Gap Inc. added $100 million to its bottom line in the first quarter and a bit more to its online sales total.
The San Francisco-based company, the largest U.S.-based apparel retailer, recorded a 42.9 percent increase in net income, to $333 million, or 71 cents a share, from $233 million, or 47 cents, in the year-ago period. The earnings per share figure was 2 cents better than the 69 cents analysts, on average, had expected. The company’s operating margin grew to 14.2 percent of sales from 11.3 percent in the first quarter of last year.
Total revenues grew 6.9 percent to $3.73 billion, ahead of the $3.68 billion consensus estimate and against year-ago sales of $3.49 billion. Worldwide revenues of the firm’s two biggest brands grew at virtually the same rate and to almost the same levels, with Gap up 5.7 percent to $1.464 billion and Old Navy up 5.6 percent to $1.459 billion. Same-store sales were up 2 percent overall, with Gap and Old Navy posting identical 3 percent gains and Banana Republic flat.
Other brands — Athleta, Piperlime and Intermix — registered a 66.3 percent increase in revenue, to $148 million. The 2013 number includes Intermix, acquired in January; the 2012 figure does not.
In a late afternoon conference call with analysts Thursday, Glenn Murphy, chairman and chief executive officer, drew particular attention to the firm’s 26.6 percent increase in online revenues, which advanced to $509 million from $402 million. “While the majority of that base was in the United States, we are seeing really strong growth in Canada, Europe, China and now in Japan,” where Gap opened nine Old Navy stores during the first quarter.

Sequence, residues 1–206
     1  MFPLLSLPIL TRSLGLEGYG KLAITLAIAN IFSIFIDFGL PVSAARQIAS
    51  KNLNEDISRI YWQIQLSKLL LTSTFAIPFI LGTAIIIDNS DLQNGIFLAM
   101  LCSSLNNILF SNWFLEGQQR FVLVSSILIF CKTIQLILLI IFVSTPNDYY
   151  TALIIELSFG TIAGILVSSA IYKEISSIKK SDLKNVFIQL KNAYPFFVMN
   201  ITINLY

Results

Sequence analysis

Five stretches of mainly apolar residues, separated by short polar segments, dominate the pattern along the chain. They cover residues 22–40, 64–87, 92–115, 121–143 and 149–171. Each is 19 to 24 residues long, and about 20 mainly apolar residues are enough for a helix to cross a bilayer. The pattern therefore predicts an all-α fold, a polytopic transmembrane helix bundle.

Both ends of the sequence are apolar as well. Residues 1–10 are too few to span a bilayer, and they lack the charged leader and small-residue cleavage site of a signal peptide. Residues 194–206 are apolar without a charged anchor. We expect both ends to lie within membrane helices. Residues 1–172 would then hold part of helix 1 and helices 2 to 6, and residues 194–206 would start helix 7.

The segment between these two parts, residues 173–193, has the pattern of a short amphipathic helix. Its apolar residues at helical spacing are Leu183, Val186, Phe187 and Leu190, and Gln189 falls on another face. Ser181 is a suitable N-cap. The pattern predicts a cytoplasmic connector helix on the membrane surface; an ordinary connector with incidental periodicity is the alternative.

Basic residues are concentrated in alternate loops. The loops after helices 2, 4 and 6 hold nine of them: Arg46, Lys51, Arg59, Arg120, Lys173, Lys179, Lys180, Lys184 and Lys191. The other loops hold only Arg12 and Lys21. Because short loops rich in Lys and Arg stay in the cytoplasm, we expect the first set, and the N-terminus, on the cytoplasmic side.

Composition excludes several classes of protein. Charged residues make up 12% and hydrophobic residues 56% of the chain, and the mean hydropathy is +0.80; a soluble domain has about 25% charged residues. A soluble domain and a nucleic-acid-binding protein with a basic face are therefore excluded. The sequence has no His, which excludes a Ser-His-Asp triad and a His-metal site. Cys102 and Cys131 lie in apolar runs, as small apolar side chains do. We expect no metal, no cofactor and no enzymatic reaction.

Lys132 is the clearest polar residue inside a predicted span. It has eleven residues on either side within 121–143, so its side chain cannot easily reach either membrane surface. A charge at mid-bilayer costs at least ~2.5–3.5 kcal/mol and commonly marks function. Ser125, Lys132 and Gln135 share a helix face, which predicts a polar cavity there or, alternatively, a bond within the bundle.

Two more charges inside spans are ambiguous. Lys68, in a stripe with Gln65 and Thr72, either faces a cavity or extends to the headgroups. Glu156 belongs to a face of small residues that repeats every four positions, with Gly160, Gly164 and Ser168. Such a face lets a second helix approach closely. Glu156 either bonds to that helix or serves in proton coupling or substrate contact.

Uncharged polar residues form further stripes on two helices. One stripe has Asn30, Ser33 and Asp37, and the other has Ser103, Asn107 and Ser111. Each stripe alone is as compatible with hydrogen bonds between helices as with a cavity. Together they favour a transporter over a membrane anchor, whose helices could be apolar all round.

Responding to an analyst’s question, Murphy talked about the potential of the “seamless” omnichannel experience being sought by Gap and other retailers. “I can see this coming, sooner rather than later, where more traffic begins online than actually starts in the store,” he said, later adding that the integration of supply chain through various channels could move the firm’s operating margin from its current home in the midteens to the high-teens, where “the people with the highest operating margin in our industry” reside.
While pleased with the topping of profit and sales estimates, analysts and investors were disappointed with Gap’s reiteration of its full-year EPS projection of $2.52 to $2.60 despite the first-quarter strength. Sabrina Simmons, chief financial officer, said the company was exercising caution in light of both the weakening of the yen against the dollar and the relative shortness of this year’s fourth quarter, a 13-week period versus 14 weeks in 2012.
Shares, which gained 32 cents, or 0.8 percent, to close at $41.36 during Thursday’s New York Stock Exchange session, backtracked after the close, settling a $40, down 3.3 percent, in after-hours trading.